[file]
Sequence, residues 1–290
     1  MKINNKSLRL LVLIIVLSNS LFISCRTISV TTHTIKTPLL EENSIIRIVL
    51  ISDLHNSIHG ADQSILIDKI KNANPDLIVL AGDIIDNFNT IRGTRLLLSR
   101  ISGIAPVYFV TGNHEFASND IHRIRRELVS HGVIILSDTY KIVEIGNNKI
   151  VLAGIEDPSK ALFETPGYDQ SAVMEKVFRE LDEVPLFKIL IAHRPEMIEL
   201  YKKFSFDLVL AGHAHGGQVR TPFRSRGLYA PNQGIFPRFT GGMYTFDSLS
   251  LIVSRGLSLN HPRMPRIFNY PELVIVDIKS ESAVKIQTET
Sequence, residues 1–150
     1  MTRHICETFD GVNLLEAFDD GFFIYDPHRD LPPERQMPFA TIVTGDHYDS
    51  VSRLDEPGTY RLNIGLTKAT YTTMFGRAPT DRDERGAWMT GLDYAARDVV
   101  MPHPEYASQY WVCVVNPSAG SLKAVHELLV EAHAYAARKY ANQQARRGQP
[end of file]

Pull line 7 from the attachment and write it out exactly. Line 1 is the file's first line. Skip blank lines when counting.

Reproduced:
   251  LIVSRGLSLN HPRMPRIFNY PELVIVDIKS ESAVKIQTET